A group of Urban Native American teens are preparing to attend the Big Oakland Powwow. Each feels a bit disconnected with their culture and is also struggling with life at home. Within the group are Dene Oxendene, an aspiring filmmaker; Octavio Gomez, a drug dealer; half-sisters Opal Viola, Victoria Bear Shield and Jacquie Red Feather; Jacquie’s culturally adrift grandchildren Orvil, Lony, and Loother; and Tony Loneman, a young angry man shamed by the scars of Fetal Alcohol Syndrome.
Octavio enlists the help of Tony and three friends to rob the powwow. The cash prizes are worth tens of thousands of dollars, and Octavio has in mind that Tony will take the fall for the theft. With the Powwow and Grand Showcase coming soon, members of the group are learning about themselves, how their stories are connected, and immersing themselves in the festivities. Are these changes impacting the planned theft? Or are Octavio and friends forging ahead?
BTSYA / Teen Reader (16):
I love the way the novel describes the historical elements that caused the divide between Native Americans and society. The context is important to understanding some of the events in the novel and the impact on individuals. Through the characters, the story makes the cultural reconnections with culture a lot more interesting to read
In addition to the historical aspect, I quite enjoyed the writing style. The author lets us into each character’s mind so we can understand their problems completely. This makes the story much more interesting and joins the plot together as we learn how the problems are so interconnected: they all stem from the same disconnect to one's culture.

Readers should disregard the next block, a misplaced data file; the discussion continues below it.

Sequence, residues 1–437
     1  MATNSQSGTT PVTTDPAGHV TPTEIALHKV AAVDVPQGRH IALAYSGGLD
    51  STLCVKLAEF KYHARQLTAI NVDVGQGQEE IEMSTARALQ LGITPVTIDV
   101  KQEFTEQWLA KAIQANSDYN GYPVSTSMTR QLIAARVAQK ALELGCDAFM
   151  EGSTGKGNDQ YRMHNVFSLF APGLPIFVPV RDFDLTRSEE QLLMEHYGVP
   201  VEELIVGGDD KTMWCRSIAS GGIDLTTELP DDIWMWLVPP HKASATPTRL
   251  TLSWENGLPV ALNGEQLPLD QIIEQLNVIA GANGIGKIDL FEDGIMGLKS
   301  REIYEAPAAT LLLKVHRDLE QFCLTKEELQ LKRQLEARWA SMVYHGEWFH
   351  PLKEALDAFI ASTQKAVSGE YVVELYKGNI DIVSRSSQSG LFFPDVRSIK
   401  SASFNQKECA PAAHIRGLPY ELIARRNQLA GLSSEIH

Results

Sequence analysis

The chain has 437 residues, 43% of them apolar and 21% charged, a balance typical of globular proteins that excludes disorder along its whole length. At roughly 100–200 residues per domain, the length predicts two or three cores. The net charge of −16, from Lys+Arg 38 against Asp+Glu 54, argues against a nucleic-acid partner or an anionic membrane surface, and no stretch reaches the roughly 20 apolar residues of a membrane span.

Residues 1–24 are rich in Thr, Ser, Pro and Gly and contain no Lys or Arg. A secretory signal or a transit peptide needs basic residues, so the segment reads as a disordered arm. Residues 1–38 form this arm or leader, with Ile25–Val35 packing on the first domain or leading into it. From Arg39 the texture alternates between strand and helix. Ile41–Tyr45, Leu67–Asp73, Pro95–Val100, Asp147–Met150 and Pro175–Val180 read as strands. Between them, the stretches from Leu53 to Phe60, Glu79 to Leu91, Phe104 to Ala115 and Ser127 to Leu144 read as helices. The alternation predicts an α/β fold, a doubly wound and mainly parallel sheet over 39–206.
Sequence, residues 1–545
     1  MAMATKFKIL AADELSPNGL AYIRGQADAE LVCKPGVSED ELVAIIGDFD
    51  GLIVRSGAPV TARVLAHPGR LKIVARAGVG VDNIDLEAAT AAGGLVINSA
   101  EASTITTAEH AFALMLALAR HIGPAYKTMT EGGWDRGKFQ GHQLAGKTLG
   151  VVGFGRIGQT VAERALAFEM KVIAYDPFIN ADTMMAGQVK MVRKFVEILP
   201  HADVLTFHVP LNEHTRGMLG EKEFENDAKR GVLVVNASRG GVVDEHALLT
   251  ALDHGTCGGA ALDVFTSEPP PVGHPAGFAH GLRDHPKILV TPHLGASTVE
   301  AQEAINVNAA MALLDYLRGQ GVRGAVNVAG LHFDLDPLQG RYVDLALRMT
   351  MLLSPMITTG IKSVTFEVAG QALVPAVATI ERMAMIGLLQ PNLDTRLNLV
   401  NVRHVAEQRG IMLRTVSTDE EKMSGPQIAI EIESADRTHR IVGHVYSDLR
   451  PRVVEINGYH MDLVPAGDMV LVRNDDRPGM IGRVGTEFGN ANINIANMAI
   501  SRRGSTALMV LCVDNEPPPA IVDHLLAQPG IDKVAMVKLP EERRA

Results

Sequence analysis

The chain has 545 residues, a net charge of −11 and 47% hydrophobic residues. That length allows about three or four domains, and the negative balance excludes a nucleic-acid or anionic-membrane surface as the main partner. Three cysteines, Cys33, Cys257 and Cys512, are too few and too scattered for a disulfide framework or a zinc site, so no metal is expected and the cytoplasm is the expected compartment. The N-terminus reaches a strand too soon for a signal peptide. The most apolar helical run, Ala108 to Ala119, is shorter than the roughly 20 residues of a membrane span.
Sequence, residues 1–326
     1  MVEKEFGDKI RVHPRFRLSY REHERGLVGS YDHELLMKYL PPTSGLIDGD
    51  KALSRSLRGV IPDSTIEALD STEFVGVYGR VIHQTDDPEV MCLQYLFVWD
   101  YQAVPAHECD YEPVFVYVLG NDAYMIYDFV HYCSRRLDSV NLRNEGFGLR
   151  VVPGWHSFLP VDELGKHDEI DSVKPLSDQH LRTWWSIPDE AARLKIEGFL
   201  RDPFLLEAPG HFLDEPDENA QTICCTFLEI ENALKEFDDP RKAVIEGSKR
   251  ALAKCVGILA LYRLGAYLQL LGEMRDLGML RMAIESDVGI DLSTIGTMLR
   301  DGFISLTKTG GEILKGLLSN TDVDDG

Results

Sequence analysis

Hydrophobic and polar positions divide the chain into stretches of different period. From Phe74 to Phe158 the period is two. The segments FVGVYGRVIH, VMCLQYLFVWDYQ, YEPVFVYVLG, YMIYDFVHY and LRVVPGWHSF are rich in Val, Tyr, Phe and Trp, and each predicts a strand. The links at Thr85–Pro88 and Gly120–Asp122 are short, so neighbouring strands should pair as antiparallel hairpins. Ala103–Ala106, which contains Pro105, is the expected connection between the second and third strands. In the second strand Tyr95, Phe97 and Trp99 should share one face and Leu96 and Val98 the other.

There There is important for all history buffs and anyone with an interest in US History. The story reveals Native American history, that is not found in textbooks. The book is fairly dark, but I think anyone 14 or older can handle it. If you don't like graphic violence, don't read this book.
Readers who like fiction that pushes them to think about history and opens their eyes to things they didn't know will find this book interesting. It is written for adults, but as our reviewer explains, it will appeal to teens, as well.
The text includes profanity and extreme violence.
This is a young adult novel that is both a historical fiction novel and part biographical.
This is a book that is part biography and part historical fiction. There is a lot to unpack from individual/personal development to societal norms and social activism.
15 and Up
14 and Up
Teen STAR Review Team, Be the Star You Are!™ . Reviewer age: 16
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